The Trump administration is considering placing visa restrictions on Chinese students coming to the US and ending a program that allows frequent travellers to obtain visas that last 10 years – a move that has been described by CEO of NAFSA Esther Brimmer as potentially “devastating”.
The move comes as part of a package of anti-China measures, which reportedly include tariffs on at least an annual $30 billion of Chinese imports, to pressure Beijing to end requirements that US companies transfer technology to Chinese firms.
“Because Chinese students and scholars contribute so much to our science and innovation, virtually every community in America would feel the impact”
According to Open Doors data, Chinese students accounted for a third of all international students studying in the US for the 2016/2017 academic year, by far the largest percentage of any nationality.
In a statement, Brimmer said a reduction in Chinese international students would have a chilling effect on the country and policymakers should act boldly to let Chinese students know they are valued and welcome.
“Generations of foreign policy leaders agree that international students and scholars are one of America’s greatest foreign policy assets,” Brimmer said.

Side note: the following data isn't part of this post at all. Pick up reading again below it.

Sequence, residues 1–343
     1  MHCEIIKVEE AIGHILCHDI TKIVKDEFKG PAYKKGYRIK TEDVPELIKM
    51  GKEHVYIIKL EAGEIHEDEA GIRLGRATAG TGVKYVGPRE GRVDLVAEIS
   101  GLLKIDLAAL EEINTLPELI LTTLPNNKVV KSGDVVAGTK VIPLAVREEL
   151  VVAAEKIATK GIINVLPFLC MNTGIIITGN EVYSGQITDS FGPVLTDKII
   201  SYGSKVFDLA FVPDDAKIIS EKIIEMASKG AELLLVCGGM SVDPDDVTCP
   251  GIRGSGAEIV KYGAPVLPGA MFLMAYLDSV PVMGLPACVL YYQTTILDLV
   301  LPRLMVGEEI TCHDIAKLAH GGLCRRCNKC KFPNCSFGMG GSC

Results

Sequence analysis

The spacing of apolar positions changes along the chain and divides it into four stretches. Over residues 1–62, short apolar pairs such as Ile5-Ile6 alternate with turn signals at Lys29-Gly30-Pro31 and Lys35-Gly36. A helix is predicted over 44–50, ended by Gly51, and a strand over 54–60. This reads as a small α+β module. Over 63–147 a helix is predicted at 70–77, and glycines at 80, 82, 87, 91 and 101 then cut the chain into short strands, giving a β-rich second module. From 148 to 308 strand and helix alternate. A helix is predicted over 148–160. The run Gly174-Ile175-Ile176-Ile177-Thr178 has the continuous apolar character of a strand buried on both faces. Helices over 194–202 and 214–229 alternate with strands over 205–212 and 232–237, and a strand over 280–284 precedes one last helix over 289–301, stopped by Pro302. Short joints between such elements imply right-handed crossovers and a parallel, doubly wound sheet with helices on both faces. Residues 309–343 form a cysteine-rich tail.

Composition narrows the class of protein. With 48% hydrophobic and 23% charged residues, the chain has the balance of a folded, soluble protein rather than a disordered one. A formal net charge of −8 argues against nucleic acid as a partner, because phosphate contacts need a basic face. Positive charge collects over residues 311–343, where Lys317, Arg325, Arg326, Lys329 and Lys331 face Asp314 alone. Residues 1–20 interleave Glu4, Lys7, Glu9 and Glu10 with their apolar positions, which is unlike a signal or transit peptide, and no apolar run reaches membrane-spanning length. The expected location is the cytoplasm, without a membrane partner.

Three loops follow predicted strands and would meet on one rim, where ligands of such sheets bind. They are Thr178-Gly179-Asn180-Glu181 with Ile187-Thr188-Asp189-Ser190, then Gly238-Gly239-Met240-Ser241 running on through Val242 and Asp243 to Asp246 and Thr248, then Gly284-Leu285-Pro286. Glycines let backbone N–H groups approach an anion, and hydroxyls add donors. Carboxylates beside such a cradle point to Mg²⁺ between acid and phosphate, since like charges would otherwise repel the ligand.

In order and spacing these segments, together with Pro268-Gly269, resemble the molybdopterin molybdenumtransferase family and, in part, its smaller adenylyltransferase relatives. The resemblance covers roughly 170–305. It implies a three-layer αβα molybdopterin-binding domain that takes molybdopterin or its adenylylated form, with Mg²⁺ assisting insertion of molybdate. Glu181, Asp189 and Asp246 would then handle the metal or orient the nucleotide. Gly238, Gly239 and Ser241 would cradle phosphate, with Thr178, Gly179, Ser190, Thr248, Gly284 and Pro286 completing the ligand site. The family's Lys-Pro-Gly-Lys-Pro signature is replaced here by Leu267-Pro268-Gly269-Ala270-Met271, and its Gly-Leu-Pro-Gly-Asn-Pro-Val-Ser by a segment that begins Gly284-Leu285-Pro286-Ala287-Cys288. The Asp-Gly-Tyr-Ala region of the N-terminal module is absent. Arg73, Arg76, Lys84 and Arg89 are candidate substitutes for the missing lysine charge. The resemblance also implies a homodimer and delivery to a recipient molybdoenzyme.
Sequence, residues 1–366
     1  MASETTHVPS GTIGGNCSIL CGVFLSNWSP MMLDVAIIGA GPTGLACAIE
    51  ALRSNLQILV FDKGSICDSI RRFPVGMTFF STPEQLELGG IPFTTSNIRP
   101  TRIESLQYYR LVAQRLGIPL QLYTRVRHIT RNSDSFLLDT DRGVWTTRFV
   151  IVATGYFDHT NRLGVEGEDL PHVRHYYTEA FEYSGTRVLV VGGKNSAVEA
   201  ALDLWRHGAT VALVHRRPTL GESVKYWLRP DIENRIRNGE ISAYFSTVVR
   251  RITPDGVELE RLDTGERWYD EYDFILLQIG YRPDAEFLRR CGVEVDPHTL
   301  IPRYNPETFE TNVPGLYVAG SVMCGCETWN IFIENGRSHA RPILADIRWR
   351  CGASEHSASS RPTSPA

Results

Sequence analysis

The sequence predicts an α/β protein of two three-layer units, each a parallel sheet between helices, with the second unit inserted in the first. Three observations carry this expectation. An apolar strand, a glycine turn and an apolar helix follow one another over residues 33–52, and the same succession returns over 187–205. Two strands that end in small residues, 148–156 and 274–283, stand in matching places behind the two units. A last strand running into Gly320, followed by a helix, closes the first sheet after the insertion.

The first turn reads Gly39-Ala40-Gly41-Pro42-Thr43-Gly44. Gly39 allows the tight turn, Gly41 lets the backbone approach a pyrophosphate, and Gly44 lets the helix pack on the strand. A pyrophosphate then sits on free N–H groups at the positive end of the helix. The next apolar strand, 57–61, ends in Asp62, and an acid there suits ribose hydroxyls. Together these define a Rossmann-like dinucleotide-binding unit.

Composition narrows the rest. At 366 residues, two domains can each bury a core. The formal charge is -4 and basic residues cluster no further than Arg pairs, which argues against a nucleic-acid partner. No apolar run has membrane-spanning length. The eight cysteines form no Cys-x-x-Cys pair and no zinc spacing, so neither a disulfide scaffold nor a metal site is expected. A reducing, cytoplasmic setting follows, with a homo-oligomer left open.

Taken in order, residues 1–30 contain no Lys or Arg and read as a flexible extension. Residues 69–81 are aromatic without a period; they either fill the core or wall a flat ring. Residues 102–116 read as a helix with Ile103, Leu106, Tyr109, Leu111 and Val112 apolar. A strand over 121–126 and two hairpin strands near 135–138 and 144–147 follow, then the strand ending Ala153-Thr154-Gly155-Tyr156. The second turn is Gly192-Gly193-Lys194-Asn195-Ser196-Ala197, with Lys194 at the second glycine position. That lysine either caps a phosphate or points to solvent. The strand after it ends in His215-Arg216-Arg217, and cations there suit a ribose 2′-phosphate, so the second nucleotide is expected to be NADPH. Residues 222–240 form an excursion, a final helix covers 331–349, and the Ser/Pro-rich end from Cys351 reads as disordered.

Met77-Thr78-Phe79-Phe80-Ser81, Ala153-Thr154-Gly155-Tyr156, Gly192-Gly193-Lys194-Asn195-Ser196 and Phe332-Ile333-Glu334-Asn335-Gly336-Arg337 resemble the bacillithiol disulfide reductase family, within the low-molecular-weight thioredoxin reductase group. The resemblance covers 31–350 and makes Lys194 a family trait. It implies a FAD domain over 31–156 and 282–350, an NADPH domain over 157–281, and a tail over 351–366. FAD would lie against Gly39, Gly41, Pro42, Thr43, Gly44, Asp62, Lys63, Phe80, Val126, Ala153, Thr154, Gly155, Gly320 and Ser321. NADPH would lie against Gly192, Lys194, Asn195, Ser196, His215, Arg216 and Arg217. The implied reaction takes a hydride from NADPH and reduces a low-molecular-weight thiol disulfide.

“If the administration imposes restrictions that will further prohibit students and scholars from choosing the United States as their destination, we will suffer devastating impacts for decades to come.”
Recent reports have shown the US is already losing overall market share of internationally mobile students.
Brimmer pointed out that countries including Australia and Canada have worked to welcome international students, and their efforts have paid dividends.
“Meanwhile, America is beginning to see our international student enrolment decrease, and a threat of action like this will only exacerbate the problem,” she said.
A 2017 NAFSA report revealed that international students contribute $36.9 billion to the US economy and support more than 450,000 jobs.
Chinese students alone were found to contribute $12 billion.
“Because Chinese students and scholars contribute so much to our science and innovation, virtually every community in America would feel the impact if Chinese student visas were restricted in any way,” Brimmer added.
“Students should never be used as bargaining chips, and we cannot afford to lose this valuable resource.”